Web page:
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Light Curtain or Laser Zone Scanner?

4/7/20  |  Tom Hopkins, Rexel Technical Consultant

Optical Presence Sensing

When customers call me, they don’t always ask the right questions. Instead of asking things like: “Optical presence sensing safety devices, what should I use?” “How do I know the best way to apply it?” or even “Do I need a light curtain or a laser zone scanner?” Instead, they simply say: 

I need a light curtain.

I get this call frequently, and my response is always the same. “You do? What are you trying to accomplish?” A light curtain is a great safety device WHEN it is applied correctly. It’s always important to consider the application carefully. Be aware there are OTHER types of optical presence sensing safety devices, as well. Depending on the application, a safety laser zone scanner could be a better choice.

Light Curtain Review

Before we look at the laser zone scanner as an alternative, let’s revisit light curtains (LC). As you probably know, an LC is an array of light beams. One stick of the LC contains the transmitters and the other receivers. If an object blocks any beam in the array, the LC will drop its signal and the machine controls will go to a “safe state.” 


If personnel can reach into a dangerous area, an LC is a good option to consider. Hazards where a reach-in can cause arms, hands, or fingers to be exposed are classified as partial body access. Think about a press machine as an example. If the operator has a fleeting moment of inattention, it could be a very bad day.


  1. Beam Spacing: Beam spacing for finger detection is set at 14 mm. LCs designed to detect hands or larger objects have a beam spacing of 30 mm. If the LC is close to a hazard, and you don’t want a finger to squeeze through, you’ll want to use the closer beam spacing. Additionally, closer beam spacing will impact the calculation below.
  2. Where to Place the LC - Safe Distance Calculation: This is probably the most frequent misapplication of an LC. You need to perform a “safe distance calculation.” Don’t worry, there are standards to guide you. In the USA, look to these two standards; ANSI B11.19 and ANSI RIA R15.06. Another excellent resource is a Rockwell Automation® “Safebook” publication. It covers all things related to machine safety controls, including safe distance calculations. 


Consider how quickly the machine will stop once triggered to do so. How far can body parts penetrate past the LC and into harm’s way before the hazard completely stops? The standards set a speed of 63 inches per second when considering the speed of a body part.

The official formula is Ds = (K x T) + Dpf.


Ds = The minimum safe distance from the hazard.

K = The 63” per second speed constant of a body part.

T = The overall stopping time of the system, from the initiation of the stop signal to the cessation of the hazard. This is a totalized number that includes the response time of the LC, the control circuit, and the machine component stop time.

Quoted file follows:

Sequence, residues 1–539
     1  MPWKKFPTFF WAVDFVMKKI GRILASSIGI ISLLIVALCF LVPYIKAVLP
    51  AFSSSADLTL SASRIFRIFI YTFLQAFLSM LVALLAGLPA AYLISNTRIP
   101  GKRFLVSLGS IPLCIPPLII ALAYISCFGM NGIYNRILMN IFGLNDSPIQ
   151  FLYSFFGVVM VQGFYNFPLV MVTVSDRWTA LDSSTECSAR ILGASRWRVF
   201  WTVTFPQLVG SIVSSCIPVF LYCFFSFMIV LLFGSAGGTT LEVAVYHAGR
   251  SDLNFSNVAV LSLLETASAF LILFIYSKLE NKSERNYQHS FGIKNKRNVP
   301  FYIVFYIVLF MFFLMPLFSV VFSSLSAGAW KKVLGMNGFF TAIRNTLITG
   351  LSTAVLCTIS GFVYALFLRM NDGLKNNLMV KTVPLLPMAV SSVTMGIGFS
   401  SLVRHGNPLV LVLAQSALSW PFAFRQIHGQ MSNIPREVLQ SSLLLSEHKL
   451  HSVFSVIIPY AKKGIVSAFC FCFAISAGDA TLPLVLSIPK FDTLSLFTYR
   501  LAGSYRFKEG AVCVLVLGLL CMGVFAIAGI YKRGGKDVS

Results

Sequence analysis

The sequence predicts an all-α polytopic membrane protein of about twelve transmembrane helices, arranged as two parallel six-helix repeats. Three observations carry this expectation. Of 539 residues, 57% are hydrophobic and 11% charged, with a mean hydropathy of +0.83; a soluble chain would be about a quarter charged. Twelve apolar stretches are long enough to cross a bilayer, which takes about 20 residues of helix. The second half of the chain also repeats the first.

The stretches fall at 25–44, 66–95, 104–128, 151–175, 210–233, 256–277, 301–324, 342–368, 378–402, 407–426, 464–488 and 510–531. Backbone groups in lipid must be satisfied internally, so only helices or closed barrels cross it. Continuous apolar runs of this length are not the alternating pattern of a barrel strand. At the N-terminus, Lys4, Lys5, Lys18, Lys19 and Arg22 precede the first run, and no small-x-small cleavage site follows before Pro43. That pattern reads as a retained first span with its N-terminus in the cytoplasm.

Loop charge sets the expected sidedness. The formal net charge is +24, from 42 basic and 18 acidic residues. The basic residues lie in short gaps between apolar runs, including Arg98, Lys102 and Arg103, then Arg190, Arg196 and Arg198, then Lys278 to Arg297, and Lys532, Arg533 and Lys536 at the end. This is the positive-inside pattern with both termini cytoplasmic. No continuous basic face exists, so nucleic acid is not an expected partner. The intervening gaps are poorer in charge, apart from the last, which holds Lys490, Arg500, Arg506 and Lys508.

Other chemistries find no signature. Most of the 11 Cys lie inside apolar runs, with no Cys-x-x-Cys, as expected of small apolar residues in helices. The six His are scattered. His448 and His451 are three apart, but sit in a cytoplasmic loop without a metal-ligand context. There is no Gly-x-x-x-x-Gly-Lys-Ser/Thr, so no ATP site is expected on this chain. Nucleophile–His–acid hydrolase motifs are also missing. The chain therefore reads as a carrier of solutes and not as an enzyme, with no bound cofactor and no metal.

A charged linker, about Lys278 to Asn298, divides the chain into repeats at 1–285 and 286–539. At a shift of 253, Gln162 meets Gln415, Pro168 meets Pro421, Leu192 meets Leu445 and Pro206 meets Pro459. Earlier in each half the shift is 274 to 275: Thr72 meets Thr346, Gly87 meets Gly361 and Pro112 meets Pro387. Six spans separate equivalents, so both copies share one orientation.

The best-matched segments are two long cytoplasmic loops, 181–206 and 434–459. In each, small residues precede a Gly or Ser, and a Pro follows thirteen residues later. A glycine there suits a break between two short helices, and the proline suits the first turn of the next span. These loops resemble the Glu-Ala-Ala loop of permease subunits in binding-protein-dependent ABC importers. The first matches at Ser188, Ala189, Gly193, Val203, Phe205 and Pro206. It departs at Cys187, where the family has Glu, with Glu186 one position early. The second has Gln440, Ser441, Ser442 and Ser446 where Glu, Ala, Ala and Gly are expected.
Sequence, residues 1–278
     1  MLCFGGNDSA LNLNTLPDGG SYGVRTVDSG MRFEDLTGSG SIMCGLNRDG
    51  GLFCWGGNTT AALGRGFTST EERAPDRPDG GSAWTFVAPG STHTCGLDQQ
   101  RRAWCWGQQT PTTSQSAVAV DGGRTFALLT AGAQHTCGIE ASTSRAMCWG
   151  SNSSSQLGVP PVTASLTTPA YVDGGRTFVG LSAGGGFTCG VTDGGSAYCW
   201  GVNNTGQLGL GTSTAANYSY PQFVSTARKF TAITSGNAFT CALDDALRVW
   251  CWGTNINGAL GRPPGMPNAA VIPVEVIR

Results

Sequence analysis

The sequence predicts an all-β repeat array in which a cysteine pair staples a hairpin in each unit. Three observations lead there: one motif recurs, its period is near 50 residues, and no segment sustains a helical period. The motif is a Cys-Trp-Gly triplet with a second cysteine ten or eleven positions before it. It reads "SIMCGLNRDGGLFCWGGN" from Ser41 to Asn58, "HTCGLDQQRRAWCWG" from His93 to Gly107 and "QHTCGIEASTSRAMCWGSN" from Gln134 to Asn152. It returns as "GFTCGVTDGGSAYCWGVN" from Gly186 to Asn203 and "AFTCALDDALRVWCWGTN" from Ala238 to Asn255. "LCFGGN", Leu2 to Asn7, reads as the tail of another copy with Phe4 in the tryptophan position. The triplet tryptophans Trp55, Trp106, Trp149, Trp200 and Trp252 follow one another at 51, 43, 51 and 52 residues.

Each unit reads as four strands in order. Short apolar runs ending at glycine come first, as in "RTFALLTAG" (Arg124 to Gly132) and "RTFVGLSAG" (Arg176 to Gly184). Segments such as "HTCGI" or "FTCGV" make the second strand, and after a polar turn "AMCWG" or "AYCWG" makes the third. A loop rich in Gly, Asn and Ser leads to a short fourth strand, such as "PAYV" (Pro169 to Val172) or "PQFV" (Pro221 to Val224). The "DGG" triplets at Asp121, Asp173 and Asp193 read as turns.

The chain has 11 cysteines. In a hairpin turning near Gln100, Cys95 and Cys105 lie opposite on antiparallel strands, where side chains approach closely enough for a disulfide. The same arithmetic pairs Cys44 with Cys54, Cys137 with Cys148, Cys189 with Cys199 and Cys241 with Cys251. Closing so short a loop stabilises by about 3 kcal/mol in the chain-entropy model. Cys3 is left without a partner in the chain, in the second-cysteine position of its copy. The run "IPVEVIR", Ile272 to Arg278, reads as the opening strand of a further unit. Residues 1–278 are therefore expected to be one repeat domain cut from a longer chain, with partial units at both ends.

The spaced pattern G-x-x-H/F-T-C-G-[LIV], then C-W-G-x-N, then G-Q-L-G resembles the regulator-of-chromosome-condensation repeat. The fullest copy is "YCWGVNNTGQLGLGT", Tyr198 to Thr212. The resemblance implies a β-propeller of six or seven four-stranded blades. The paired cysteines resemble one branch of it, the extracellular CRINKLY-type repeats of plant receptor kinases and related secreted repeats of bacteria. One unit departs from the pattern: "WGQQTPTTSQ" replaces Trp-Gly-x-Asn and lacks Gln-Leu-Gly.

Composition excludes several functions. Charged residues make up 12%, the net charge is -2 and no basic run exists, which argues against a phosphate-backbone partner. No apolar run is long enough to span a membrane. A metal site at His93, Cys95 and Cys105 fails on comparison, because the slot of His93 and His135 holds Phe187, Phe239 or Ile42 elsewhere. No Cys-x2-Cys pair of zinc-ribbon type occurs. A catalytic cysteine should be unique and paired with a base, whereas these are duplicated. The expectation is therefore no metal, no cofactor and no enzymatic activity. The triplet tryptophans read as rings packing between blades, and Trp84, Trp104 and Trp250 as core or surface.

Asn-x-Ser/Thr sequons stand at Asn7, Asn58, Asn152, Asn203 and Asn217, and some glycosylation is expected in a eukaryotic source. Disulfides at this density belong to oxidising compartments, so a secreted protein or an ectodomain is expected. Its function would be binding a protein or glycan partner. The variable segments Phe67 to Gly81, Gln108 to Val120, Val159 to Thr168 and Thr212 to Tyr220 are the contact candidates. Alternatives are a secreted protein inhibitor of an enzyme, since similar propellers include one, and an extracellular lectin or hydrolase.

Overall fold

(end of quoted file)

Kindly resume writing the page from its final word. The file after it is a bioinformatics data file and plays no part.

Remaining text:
Dpf = Depth penetration factor. This is determined by the beam spacing of your LC.


An LC will only protect workers if an object is in the plane between the transmitter and receiver. What about an application where a person can walk through the LC? For example, a robot cell. Can an operator go through the curtain plane and be vulnerable to a restart situation on the other side?  Of course, you can set up your controls so that the machine will stop as soon as a person crosses the plane of the LC and require a manual restart of the machine. But what if another person pushes the start button while the operator is still in the hazardous area?  How do you POSITIVELY confirm there is nobody in the space before a restart? 

This is where you want to consider a laser zone scanner.

Laser Zone Scanner

I like to call a laser zone scanner an ankle scanner. It’s programmed to look at the area and make sure there is no one standing in harm’s way. Think of a safety pressure mat, but it is a non-contact device. The area of concern can be programmed in any size or shape. 


  • Warning Field: You can program a warning field in front of the protected field to reduce accidental incursions. 
  • Single Component Device: There is no need to align anything as it is a single component device.
  • Light Curtain Replacement: You can use a laser zone scanner as an LC replacement if it’s hung from the ceiling and pointed to the floor. This is handy in applications where lift trucks tend to bump and misalign an LC.
  • Moving Hazard Attachment: A laser zone scanner can be attached to a moving hazard to stop a collision or protect a pinch point.

Optical Safety Devices Limitations

In applications where there is dust or steam, you may want to consider another solution. Any condition that will block or bend light will cause issues with an optical sensor.


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Our Automation Specialists are machine safety and sensor experts. We're here to help you evaluate your needs and the right optical safety devices to protect your workers. Contact us today!

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